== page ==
HIV is transmitted from person-to-person from contact with infected blood, semen and/or vaginal fluid. Having unprotected sex vaginal or anal sex (or oral sex if you have a cut or open sore in your mouth) with an infected partner greatly increases the risk of contracting HIV. HIV can also be transmitted via unsterile drug use, from using infected needles, syringes or drug equipment. Most women contract HIV during vaginal sex, however, anal sex is the riskiest type of sex for getting or spreading HIV.
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According to the CDC, women made up 19 percent of the United States’ new HIV diagnoses in 2014. Women predominantly contract HIV from a male partner during sex, in fact, 87 percent of these new cases were attributed to heterosexual sex, while the remaining 13 percent were attributed to intravenous drug use.
New HIV cases diagnosed in women are declining compared to new men’s HIV cases. New HIV cases in women have dropped 40 percent from 2005 to 2014. Racially, new HIV cases in women are dropping among all races in the U.S., however a vast majority of new HIV diagnoses are still in African American women.
The CDC reports that in 2014 of all the new HIV cases:
Women make up a quarter of the estimated 20,792 AIDS diagnoses in 2014 and they represent one-fifth of the estimated 1,210,835 AIDS diagnoses in the U.S. since the start of the epidemic until 2014.
HIV symptoms will vary from case to case, but the following are the most common patterns HIV infections follow.
Upon infection, it may take individuals with HIV 2-4 weeks to exhibit symptoms. Often these symptoms are mistaken for a common cold or flu, rather than HIV. Approximately 80 percent of individuals with an acute HIV infection will experience flu-like symptoms. That being said, sometimes it can take years for symptoms to appear. This is why it is so important for you and your partner to always get tested before beginning a new sexual relationship. Getting tested for HIV helps women seek needed treatment sooner and helps to stop the spread of the virus to others.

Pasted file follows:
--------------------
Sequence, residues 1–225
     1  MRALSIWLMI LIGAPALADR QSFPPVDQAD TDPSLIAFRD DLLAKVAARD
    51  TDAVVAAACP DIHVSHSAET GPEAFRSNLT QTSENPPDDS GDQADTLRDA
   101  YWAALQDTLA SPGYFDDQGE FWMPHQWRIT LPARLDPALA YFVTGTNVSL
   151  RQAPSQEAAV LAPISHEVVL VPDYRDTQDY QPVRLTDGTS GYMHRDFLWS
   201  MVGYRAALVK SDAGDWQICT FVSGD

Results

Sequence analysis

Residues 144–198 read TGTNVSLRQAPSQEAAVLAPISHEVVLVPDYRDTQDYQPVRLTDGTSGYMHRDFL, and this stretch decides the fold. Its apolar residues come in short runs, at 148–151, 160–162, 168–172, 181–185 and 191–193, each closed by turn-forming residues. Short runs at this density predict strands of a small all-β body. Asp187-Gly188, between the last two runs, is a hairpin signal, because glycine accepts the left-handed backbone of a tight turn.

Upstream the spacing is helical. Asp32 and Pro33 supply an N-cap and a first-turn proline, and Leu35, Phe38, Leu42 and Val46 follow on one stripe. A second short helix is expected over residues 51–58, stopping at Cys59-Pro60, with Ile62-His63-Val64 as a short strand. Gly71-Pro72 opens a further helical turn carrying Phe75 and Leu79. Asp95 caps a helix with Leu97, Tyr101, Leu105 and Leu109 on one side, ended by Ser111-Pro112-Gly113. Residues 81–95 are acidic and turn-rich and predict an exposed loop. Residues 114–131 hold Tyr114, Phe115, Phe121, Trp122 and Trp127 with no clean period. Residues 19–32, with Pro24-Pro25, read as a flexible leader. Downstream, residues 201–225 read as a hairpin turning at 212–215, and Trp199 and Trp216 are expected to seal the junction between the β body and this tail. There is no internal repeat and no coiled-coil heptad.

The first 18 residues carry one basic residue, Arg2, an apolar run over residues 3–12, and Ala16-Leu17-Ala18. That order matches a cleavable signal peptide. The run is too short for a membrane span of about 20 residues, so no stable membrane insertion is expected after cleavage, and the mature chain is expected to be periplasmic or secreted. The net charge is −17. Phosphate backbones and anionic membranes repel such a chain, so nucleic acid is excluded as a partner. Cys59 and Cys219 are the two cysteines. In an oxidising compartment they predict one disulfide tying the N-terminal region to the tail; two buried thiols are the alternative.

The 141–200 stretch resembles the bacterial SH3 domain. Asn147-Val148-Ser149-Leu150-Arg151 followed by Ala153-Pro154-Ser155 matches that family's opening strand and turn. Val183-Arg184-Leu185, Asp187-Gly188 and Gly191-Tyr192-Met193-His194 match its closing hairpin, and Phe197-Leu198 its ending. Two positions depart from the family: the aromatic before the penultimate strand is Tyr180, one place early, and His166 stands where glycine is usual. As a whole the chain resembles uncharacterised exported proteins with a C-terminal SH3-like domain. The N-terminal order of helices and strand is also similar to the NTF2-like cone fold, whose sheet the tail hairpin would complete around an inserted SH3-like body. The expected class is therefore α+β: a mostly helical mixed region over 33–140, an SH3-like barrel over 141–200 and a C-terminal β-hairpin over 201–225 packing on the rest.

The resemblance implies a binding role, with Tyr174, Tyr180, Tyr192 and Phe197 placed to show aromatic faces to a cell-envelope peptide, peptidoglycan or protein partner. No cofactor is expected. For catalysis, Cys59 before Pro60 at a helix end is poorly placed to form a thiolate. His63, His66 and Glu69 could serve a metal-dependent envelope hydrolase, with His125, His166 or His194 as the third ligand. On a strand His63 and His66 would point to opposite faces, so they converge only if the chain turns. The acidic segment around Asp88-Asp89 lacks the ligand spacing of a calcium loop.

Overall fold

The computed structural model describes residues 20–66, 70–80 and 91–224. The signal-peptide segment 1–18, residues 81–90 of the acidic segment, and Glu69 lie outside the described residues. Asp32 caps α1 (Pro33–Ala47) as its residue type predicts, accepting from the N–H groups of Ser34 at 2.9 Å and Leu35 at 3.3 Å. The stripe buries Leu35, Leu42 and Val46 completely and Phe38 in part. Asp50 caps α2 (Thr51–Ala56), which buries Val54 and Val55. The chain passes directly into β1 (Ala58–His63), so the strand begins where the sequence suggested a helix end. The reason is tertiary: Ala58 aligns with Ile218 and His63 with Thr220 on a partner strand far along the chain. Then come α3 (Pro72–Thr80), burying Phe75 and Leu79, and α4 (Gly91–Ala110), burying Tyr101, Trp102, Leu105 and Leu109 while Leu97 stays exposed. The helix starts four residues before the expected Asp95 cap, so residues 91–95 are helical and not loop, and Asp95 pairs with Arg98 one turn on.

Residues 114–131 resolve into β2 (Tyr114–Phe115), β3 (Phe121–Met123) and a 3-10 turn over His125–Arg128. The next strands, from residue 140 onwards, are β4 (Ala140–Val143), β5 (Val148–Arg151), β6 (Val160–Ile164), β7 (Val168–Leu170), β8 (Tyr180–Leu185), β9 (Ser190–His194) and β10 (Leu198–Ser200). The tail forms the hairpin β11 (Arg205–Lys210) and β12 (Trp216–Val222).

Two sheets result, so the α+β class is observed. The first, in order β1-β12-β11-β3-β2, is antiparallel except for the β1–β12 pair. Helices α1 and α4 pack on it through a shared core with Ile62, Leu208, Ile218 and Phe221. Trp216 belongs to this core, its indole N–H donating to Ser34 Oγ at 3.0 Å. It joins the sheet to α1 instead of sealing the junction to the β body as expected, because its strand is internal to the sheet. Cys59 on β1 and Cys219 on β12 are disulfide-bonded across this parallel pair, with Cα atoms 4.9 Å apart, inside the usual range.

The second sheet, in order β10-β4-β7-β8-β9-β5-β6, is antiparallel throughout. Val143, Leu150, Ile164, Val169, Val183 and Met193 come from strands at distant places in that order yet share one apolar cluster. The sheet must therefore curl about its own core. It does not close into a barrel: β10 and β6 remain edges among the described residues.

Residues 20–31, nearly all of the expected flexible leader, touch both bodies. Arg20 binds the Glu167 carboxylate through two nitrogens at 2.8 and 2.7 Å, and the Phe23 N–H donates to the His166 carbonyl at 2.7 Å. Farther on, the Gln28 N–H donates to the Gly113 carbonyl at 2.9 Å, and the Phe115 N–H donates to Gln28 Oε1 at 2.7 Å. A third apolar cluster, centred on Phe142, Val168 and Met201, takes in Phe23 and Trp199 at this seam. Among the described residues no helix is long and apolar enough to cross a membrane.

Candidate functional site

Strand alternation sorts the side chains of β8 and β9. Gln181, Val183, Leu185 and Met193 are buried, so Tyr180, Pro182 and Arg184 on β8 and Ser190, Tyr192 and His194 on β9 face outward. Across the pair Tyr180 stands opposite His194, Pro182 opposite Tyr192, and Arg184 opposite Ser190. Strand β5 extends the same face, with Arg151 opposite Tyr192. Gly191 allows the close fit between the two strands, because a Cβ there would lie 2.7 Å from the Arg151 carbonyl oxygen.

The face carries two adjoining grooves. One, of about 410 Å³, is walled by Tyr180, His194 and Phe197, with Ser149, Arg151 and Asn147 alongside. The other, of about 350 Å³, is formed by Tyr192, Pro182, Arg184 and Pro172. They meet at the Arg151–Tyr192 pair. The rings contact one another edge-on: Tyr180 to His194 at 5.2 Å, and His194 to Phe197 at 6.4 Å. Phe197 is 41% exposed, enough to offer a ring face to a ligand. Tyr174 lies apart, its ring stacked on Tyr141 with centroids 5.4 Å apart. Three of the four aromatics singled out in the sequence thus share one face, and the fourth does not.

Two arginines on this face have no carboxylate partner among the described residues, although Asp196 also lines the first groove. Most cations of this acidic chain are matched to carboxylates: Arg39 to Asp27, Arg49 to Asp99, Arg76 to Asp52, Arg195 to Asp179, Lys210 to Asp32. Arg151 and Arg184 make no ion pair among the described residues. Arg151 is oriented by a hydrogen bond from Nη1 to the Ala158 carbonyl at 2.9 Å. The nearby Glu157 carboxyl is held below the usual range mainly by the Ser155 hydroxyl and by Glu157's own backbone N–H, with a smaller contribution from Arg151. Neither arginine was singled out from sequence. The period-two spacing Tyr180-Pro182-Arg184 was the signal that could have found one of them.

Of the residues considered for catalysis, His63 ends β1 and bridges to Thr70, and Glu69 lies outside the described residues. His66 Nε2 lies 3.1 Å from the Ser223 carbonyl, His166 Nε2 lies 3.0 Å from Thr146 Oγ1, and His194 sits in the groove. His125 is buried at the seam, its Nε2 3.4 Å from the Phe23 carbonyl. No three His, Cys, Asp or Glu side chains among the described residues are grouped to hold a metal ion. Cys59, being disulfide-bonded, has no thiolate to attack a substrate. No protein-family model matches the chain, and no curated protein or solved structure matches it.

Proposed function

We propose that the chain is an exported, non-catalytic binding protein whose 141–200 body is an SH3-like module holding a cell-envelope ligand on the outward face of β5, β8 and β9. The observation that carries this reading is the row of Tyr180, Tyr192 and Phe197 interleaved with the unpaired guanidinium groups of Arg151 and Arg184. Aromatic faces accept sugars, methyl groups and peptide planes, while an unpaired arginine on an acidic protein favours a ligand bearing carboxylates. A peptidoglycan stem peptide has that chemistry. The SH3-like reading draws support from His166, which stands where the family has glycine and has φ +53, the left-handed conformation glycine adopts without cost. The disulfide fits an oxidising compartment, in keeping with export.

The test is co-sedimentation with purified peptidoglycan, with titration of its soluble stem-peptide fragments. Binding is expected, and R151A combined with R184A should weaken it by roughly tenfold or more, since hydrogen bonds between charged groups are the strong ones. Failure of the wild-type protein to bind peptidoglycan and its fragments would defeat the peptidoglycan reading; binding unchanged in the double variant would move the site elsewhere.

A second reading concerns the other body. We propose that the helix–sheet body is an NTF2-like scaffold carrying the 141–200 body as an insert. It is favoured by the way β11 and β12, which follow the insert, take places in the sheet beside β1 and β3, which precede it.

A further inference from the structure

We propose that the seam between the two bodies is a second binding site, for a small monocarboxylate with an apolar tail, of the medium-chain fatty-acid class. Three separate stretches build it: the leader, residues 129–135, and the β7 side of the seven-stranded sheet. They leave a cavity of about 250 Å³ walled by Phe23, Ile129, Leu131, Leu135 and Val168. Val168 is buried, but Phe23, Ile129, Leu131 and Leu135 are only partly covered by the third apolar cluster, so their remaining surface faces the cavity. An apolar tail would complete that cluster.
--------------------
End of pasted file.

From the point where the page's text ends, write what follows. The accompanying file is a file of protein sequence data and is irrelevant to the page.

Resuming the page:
There are varying symptoms of HIV in women depending upon the stage of the disease they are in: Acute HIV stage (new infection stage); asymptomatic stage; and the latest, advanced stage known as AIDS.
HIV can also be transmitted from a mother to her child during childbirth (called perinatal HIV) or through breastfeeding. By ensuring that all pregnant women are tested for HIV throughout their pregnancy, the transmission from mother-to-child can help be prevented through the use of antiretrovirals during pregnancy, a cesarean birth, and/or antiretroviral therapy for the child after birth.
The most common HIV symptoms in women in this stage include:
Less common HIV symptoms in women in this stage include:
During the acute HIV stage, symptoms most often last one to two weeks.
Upon the aforementioned symptoms disappearing is when the asymptomatic period of HIV begins. During this stage, an individual with HIV does not exhibit any signs or symptoms of infection. HIV may not cause any more symptoms for months or years, but at this point the virus is still replicating and is starting to break down the body’s immune system by attacking important immune cells. The virus is still active during this stage and can still be transmitted to others, which is why it is important to get tested for HIV even if you do not feel ill.
Without treatment, it may take a matter of months or years for HIV to weaken the immune system beyond repair. This progression of HIV is referred to as AIDS, or Acquired Immunodeficiency Syndrome. This last stage of of an HIV infection means that the body’s immune system is severely damaged, leaving it more susceptible to other infections that it would otherwise be able to fight off if it were not compromised and damaged. It is not uncommon for individuals with AIDS to frequently get colds, flus or fungal infections.
Symptoms women with AIDS may experience include: